In re Tobacco II Cases receives more attention in Kaldenbach v. Mutual of Omaha

In re Tobacco II Cases hasn't been out long, but its significance is already hard to deny.   Morgan, et al. v. AT&T Wireless Services, Inc. (September 23, 2009) was the first published opinion by a California Court of Appeal to apply In re Tobacco II Cases.  See blog post.  In Kaldenbach v. Mutual of Omaha Life Insurance Company, et al. (October 26, 2009), the Court of Appeal (Fourth Appellate District, Division Three) had occasion to discuss In re Tobacco II Cases in the context of an appeal of the denial of class certification in a "vanishing premiums" action.

Before discussing the opinion, a definition is in order.  “Generally speaking, so called ‘[v]anishing premium policies are paid dividends which in some instances can be sufficient to cause the premium to “offset” whereby dividend values are used to pay the premium. In such an instance, the cash premium “vanishes” and is no longer due from the insured.’”  Keyes v. Guardian Life Ins. Co. of America, 194 F.R.D. 253, 254, n. 1 (S.D. Miss. 2000), quoting Phillips v. New England Mut. Life Ins. Co., 36 F.Supp.2d 345, 347 (S.D. Miss. 1998).)  In other words, the theory is that a larger sum is paid into a policy for a few years, and then the investment of those funds should generate a dividend that is sufficient to pay the premium thereafter.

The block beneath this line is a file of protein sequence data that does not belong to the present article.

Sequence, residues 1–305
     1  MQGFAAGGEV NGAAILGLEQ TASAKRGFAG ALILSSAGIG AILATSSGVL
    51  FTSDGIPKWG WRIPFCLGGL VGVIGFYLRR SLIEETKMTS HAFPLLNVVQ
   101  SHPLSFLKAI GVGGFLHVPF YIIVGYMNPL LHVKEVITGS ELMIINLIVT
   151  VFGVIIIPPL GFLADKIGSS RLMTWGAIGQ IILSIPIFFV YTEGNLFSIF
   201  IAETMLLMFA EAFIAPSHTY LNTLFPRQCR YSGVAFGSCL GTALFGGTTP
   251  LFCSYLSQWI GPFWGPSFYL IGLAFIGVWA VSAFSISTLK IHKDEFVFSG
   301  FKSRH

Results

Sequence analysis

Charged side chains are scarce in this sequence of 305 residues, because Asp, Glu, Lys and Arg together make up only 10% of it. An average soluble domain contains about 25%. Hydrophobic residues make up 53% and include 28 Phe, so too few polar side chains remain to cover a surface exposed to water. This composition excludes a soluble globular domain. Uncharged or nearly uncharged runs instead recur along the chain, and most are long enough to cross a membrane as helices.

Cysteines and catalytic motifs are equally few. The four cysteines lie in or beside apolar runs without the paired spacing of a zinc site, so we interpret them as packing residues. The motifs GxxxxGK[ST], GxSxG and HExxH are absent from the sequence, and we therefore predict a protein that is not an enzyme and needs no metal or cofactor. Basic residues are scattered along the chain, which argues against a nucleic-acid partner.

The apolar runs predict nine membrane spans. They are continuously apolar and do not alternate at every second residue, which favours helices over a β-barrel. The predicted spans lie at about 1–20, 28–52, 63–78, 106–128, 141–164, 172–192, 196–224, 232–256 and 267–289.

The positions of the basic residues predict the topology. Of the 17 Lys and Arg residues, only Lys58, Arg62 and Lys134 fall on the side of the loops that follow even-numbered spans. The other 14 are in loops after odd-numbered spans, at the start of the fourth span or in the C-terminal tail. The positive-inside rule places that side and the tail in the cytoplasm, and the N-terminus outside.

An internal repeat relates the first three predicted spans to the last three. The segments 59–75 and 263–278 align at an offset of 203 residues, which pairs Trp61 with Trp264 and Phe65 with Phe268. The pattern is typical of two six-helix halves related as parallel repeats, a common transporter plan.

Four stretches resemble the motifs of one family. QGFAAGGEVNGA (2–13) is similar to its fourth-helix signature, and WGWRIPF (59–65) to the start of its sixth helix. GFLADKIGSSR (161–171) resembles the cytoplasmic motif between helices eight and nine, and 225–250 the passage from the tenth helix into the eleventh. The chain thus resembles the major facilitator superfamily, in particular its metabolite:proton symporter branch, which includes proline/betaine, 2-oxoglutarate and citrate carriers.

Returning to the opinion, the Court of Appeal spent significant time discussing the facts of the case and the nature of "vanishing premium" policies before summarizing the Trial Court's Order denying class certifiation:

The trial court denied the motion for class certification. It concluded Kaldenbach had not demonstrated numerosity other than his assertion that over 4,000 policies were sold.  Kaldenbach had not shown ascertainability as there was no evidence as to how it could be shown which of the policyholders had received illustrations during the sales presentation.

The court concluded Kaldenbach had not shown typicality because Meyerson testified in his deposition that the sale to Kaldenbach was not typical as he had a clearly defined dominant need, Kaldenbach testified he never received any explanation from Meyerson about how the policy worked, how interest rates or costs of insurance were determined, what the extent of his obligation to pay annual premiums was, and what might happen if he stopped paying premiums. By contrast, Meyerson testified he fully explained the policy to Kaldenbach. “If [Kaldenbach] and Meyerson cannot even agree as to what was stated during the [sales] presentation to [Kaldenbach], how can [Kaldenbach's] claim be typical [and] be used to prove 4,000 claims? . . . It will take . . . individual evaluation of each claim to determine liability.”